Ever get the feeling you're going in circles?
Three months ago, I began to chronicle my battle to get out of the gutter in Motley Fool CAPS, the stock-picking community experience where you can join your fellow investors in sharing stock ideas.
I didn't stack up very well in the simulation. When I started this weekly diary, I had a rating of 0.55, meaning that my individual picks were doing worse than 99.45% of the players. After three months of more twists and turns than an episode of Soul Train, I find myself essentially back where I started, losing out to 99.49% of you with my 0.51 rating.
This is either embarrassing for me, or a tribute to how good the tens of thousands of you CAPS participants are. OK, it's probably both.
Here's how my ratings have clocked in over the past few weeks:
As I have every week, let's go over some of my recent picks and pans.
Making moves and taking names
I've been pruning more than picking in recent weeks, so I decided to go in a new direction. I'm adding six new calls today, and they're all reporting earnings next week. I'm going long on four of them and betting against the other two.
Let's get to the bearish calls first. Netflix (Nasdaq: NFLX ) hit a new high yesterday. It reports earnings on Monday. Expectations are high, especially after the company raised its guidance targets two months ago. I've been a satisfied shareholder and subscriber since 2002. The company's only real threat in its mail-order DVD rentals niche -- Blockbuster (NYSE: BBI ) -- is moving back gradually toward real-world retail. Home-delivered flicks sound great these days when gasoline prices make leaving the home a costly call.
So why did I just peg Netflix as losing to the market over the next few weeks? I've learned that when the skies are clear, it's a good time to worry. The company's revised guidance also upped every target except for actual net income.
I'm guessing that costs related to its digital-streaming program may eat into margins. With the stock so buoyant, anything other than a blowout quarter on Monday should lead to a dip on Tuesday. I'm definitely not selling my own shares or canceling my subscription. I'm a long-term bull there when it comes to Netflix. I just think that more can go wrong than right next week.
My other bearish pick is Stamps.com (Nasdaq: STMP ) . The company had a good run with its PhotoStamps, stamps that feature personalized photographs. Unfortunately, there are too many companies diving into this niche.
PhotoStamps revenue fell a sharp 19% during its most recent quarter, and that's the telltale holiday season. This finds Stamps.com promoting its flagship PC postage service, but it's spending way too much on marketing the service with nominal growth in return. Its cash-blessed balance sheet will keep it from coming completely undone, but I don't see a good quarter out of the company next week.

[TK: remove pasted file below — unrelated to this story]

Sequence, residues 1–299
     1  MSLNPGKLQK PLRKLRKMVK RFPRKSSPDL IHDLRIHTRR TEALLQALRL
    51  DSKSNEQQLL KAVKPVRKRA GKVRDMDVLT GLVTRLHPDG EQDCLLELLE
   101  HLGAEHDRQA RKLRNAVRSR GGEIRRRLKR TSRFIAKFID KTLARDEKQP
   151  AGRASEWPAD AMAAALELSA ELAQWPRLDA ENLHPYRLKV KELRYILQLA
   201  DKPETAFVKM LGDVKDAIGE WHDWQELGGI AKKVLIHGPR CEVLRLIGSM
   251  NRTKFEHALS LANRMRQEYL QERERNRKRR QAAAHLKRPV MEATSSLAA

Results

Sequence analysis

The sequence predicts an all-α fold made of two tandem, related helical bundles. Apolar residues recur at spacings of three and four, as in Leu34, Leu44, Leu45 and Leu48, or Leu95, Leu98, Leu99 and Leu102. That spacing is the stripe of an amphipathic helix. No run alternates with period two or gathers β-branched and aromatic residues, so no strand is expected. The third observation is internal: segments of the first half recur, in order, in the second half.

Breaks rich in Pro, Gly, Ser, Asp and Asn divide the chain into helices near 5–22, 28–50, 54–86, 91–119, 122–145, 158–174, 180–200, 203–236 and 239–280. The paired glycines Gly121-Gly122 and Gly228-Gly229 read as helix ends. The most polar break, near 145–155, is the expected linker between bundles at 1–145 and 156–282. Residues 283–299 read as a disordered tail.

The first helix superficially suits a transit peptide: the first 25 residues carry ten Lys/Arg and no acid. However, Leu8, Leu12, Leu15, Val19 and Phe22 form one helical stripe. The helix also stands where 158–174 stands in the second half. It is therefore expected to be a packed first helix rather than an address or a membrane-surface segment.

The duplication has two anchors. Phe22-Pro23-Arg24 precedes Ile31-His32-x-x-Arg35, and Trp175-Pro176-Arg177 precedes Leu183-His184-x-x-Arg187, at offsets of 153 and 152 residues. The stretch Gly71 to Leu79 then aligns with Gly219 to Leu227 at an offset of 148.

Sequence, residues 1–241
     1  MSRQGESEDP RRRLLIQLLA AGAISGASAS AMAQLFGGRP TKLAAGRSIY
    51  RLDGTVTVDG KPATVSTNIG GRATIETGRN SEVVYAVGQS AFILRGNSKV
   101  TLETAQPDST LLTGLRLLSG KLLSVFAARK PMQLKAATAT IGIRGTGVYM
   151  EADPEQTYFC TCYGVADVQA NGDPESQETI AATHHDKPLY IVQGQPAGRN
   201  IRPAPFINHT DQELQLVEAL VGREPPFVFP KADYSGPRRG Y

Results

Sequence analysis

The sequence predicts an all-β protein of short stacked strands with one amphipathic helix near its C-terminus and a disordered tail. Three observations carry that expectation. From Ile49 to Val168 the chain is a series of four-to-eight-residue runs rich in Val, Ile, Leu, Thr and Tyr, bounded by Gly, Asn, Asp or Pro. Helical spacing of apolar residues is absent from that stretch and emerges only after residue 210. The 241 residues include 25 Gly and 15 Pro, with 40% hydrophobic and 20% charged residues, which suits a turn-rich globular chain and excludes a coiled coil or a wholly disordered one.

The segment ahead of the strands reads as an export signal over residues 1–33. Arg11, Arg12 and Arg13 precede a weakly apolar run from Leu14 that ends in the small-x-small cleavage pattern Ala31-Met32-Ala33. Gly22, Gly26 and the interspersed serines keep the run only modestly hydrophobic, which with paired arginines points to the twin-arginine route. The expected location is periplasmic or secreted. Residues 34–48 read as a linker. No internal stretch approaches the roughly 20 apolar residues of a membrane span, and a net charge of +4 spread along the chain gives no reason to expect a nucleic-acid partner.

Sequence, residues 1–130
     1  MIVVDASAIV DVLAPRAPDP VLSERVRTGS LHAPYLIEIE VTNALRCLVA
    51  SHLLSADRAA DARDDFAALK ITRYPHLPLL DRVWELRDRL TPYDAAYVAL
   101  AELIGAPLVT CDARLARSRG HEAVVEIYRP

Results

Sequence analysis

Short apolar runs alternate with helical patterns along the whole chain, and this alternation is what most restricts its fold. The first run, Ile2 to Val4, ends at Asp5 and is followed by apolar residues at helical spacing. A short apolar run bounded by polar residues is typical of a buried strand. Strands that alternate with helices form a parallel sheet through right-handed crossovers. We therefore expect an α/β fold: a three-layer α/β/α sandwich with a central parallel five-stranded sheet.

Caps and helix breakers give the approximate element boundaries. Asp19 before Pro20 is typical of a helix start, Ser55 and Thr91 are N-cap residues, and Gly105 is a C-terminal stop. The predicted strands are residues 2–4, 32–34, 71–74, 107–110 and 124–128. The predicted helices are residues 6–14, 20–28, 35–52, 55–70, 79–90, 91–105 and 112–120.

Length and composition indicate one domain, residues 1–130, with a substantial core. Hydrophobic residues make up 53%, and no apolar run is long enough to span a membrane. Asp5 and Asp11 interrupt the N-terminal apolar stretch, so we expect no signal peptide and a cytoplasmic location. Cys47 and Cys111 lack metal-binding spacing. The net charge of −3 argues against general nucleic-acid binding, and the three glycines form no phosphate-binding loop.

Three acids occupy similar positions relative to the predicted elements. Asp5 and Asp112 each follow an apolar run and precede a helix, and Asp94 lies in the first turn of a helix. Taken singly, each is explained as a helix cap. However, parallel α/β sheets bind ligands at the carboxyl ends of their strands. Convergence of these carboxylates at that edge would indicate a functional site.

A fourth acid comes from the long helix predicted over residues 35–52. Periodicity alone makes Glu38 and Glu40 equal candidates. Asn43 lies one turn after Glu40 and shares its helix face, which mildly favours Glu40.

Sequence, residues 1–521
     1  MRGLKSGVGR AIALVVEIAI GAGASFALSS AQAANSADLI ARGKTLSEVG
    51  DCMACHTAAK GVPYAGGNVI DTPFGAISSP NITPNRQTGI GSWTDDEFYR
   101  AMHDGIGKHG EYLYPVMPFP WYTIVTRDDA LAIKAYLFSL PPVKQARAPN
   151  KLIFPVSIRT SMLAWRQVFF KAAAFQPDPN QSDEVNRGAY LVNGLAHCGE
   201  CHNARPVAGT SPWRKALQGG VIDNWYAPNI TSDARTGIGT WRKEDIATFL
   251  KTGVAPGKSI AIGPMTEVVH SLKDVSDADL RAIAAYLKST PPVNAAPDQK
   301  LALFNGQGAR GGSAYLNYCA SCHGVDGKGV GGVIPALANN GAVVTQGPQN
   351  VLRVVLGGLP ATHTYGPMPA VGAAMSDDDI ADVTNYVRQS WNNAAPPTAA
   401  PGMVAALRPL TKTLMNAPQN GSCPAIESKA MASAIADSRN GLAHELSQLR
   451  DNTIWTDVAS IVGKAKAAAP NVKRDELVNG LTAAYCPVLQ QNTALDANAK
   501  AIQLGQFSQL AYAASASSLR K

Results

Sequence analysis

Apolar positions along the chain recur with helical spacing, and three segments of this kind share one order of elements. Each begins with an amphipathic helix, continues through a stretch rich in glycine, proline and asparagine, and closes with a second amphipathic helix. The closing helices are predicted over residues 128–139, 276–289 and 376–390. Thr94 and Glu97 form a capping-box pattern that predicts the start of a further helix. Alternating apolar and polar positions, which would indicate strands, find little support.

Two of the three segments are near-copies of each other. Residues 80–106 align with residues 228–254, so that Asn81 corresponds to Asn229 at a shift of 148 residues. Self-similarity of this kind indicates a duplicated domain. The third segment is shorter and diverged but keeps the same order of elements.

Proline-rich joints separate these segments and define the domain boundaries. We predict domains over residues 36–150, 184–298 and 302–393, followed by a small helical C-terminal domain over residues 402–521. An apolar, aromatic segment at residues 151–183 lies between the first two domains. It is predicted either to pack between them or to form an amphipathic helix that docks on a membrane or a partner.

Things can only get better
A few companies will come through with flying colors next week. Amazon.com (Nasdaq: AMZN ) is a stock that is trading well off last year's highs but is still fundamentally sound. Despite its stocky frame, sales growth has actually accelerated over the past two years. You have to go all the way back to the second quarter of 2006 to find the last time that Amazon fell short in meeting or exceeding Wall Street's guesstimates. Recent share repurchase and debt payoff initiatives should also help, if executed.
I also hopped back on the Build-A-Bear Workshop (NYSE: BBW ) bandwagon. Oh, I know it's a mess. Comps are falling as fickle kids have tired of the pricey stuffed-bear birthing process. Last year's quest for strategic alternatives was a round trip to nowhere. I don't see a good quarter at all. So why the near-term bullish call? Well, all of that is already priced into the battered stock. The company is finally coming around with an online community to ape the successful Webkinz, and that could be a catalyst.
My other two bullish calls were to go with Janus (NYSE: JNS ) and T. Rowe Price (Nasdaq: TROW ) heading into next week's earnings reports. Mutual fund companies have held up better than the rest of the financial services minefields. With yield-chasing investors seeking alternatives to plummeting money market rates, I can see both companies attracting new assets to their quality no-load funds.
What will I do next? You're welcome to follow along on my CAPS page to see how I'm doing before next week's update.
Another thing you may want to do is to give Motley Fool CAPS a shot. The moment you start, you'll be way ahead of me. But I'm not going to stop fighting just because there's one more person at the front of the line.
In fact, I won't rest until my rating grows respectable. See you there!